• Published 2nd Jul 2017
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Wonka Vs. Applejack - MrPeaches



When the legendary candy-maker shows up in Equestria, a simple business proposal turns into an adventure that could change apple-farming in Equestria forever!

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Chapter 5: Applequest

Applejack did not like having her hooves off the ground for long. When the Great Glass Elevator lifted off of the ground in the lemony morning sunshine and her farm fell away beneath her, her stomach twisted itself into a pretzel. When the chocolatier offered motion-sickness-curing candies, even she didn't hesitate to put a few down. “Did ya have to make the floors see-through??”

“But of course! It makes landing much safer. I'd hate to squash anyone again.” The interior of the glass elevator, covered in its legion of buttons, was furnished with Wonka's armchair and several large pillows for the ponies to lay on as they traveled. Applejack set out a morning repast of fruit and hearty breads with butter, while Pinkie Pie brought along a box of pastries and baked goods to see them through the rest of the day. As they began to move forward over the lush fields, Twilight sketched the elevator's controls and mechanisms and Pinkie bit into an improvised apple-jam-and-candy sandwich, seemingly unaffected by the motion of the elevator.

Applejack looked down across the fertile land beneath their hooves; the pastoral fields of Ponyville, the dark sea of leaves that was the Everfree forest, the mountains of Canterlot in the distance. “So,” she said. “What's yer plan on findin' the Golden Apple tree?”

“Simple,” the man said, sitting in his armchair and poking at a few directional buttons with the end of his cane. “We get very lost.”

“Come again?”

“Oh, I have Ponyville's location stored in the sucrose matrix. But if you're going to find something's that's lost, then you have to get lost to find it,” Wonka continued. “That's how I found Equestria, after all.”

“Er, what do you mean?” Twilight looked up from her sketchpad.

“Why, when I would leave my factory in the Great Glass Elevator to look for new candy flavors, I'd simply bash in some random numbers into the Dimensional Hopulator and whizz-bang, off I'd go!” The older man stared off into the distance. “My gracious but I've seen some things.”

“Wait,” Pinkie looked up from her sandwich. “If we always know how to get back to Ponyville, can we really get lo-”

“Onward to adventure!” Wonka bellowed.

The elevator wended and swooped over Equestria: past the Everfree Forest, then west over the Whitetail wood, and then a bit of a wobble back toward Ponyville, and then off west again, over the Smoky Mountains and beyond. Every now and then one of them thought they saw something unusual, and would call out to the others. Down the glass elevator would whizz, and everypony would hop out and survey the area. They managed to find a field of particularly colorful flowers that made everypony sneeze, a particularly large and ancient tree that turned out to be a very old maple, and a migration of golden butterflies, but no Golden Apple tree. Still, Applejack was glad for the chance to stretch her legs.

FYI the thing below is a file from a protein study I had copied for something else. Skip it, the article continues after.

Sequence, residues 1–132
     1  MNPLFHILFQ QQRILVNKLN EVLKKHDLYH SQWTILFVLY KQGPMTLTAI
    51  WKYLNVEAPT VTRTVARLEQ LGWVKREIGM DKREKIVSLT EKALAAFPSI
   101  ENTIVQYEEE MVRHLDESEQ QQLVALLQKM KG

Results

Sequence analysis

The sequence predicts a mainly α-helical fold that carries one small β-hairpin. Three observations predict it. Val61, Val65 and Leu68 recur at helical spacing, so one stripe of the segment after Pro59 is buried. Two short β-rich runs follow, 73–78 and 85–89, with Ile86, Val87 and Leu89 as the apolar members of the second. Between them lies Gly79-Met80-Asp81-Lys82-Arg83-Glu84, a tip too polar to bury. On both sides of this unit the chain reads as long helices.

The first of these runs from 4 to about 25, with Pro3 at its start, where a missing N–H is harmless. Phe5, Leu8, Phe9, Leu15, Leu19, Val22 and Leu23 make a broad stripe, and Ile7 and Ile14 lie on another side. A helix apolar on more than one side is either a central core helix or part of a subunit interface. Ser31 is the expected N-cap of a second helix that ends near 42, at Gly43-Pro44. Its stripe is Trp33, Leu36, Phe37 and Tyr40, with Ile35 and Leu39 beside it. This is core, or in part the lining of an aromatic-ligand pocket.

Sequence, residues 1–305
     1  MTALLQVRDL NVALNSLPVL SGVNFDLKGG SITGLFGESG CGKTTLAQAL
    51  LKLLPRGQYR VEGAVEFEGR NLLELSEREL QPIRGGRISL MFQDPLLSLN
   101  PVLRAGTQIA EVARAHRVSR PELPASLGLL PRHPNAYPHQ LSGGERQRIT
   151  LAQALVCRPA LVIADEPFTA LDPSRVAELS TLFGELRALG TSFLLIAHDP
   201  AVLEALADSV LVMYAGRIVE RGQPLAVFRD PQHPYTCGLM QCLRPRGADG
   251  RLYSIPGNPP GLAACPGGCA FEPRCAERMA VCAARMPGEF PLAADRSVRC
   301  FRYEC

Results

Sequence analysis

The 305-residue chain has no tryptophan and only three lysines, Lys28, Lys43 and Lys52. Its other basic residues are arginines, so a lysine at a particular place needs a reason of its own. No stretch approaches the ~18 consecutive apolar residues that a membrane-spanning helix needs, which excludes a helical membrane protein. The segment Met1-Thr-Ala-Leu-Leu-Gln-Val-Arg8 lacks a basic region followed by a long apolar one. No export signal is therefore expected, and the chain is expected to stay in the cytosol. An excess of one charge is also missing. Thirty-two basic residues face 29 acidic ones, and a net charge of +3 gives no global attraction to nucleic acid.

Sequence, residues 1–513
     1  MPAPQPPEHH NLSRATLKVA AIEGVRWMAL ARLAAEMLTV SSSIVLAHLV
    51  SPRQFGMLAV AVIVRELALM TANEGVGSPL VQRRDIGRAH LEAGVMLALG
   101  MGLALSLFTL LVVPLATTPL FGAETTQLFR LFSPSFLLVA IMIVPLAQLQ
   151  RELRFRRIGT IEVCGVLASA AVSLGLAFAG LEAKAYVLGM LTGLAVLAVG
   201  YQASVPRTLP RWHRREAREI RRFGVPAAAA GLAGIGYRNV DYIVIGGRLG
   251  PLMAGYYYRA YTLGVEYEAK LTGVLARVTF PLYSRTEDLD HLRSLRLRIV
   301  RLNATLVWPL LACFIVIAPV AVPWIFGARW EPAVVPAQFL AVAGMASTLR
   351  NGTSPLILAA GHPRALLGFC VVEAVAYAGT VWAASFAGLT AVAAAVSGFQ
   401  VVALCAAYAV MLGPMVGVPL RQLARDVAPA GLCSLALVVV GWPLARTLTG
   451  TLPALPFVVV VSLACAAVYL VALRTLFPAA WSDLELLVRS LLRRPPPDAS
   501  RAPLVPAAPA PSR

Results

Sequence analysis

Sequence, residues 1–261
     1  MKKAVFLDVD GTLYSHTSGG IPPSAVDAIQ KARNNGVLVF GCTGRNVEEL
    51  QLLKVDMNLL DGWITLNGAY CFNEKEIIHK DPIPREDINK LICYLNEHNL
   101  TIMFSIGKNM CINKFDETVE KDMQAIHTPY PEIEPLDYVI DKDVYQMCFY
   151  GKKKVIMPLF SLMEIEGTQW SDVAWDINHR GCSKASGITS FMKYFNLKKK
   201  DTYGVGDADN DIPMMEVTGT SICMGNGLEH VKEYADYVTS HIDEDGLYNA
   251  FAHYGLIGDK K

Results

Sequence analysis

The evening sun was beginning to dip toward the horizon when Wonka suddenly stood and peered down through the glass. “Ah, what do we have here?”

The ponies peered down, following his gaze. By now they had traveled into mountains so thick and high that nothing more than lichen could survive. The sunset light turned the range beneath them into a zebra-striped magma ocean, but in one spot, in a small divot in the mountain range invisible to anypony not directly above it, there was a splotch of bright green, red, and orange. Wonka wended the Great Glass Elevator down through the chilly air until the mountains began to rise above them on all sides like a wall, flame colored in the sunlight, morose purple in the shade.

“It's... trees!” Applejack said, surprised. And so it was, a great glen of trees spread out beneath them, and what trees they were! There was a slender tree of silver bark with glowing cyan lines running up its trunk and into its canopy, where knobbly leaves glowed a fierce turquoise, cherry-sized fruits blazing like Hearth's Warming lights. There was a squat, gnarled tree the color of soot whose roots held it twenty feet above ground on a hundred stilts, curved black fruits curling up from under boughs thick with needles. Here, a tree whose bark appeared to be smoldering like an ember but emitted no smoke. Over there, a purplish barked tree that gently swayed to and fro although there appeared to be no breeze. All of the trees were bearing fruit or seeds, and no two were the same.

“Well then!” Wonka crowed. “What do you know – I think we're lost enough now! 'For there is nothing lost, that may be found, if sought!'”

Wonka expertly wove the glass elevator between the trees. Whenever the elevator passed underneath a tree's canopy, the sounds of falling fruit, seedpods and nuts drummed on the roof of the elevator, making them jump. The musty smell of old parchment filled the space as Twilight furiously flipped through an old tome. “I thought I'd seen these trees before! That dark tree with the elevated trunk and the needles is a Coalfruit tree! Its fruits are written to have burned for a week straight in a brazier like a piece of coal! It was a common heat source in the early days of Equestria, in the north. The book says Coalfruit stopped being used after all known orchards caught fire in a short span of time. Believing that the trees had become unstable, ponies stopped growing them.”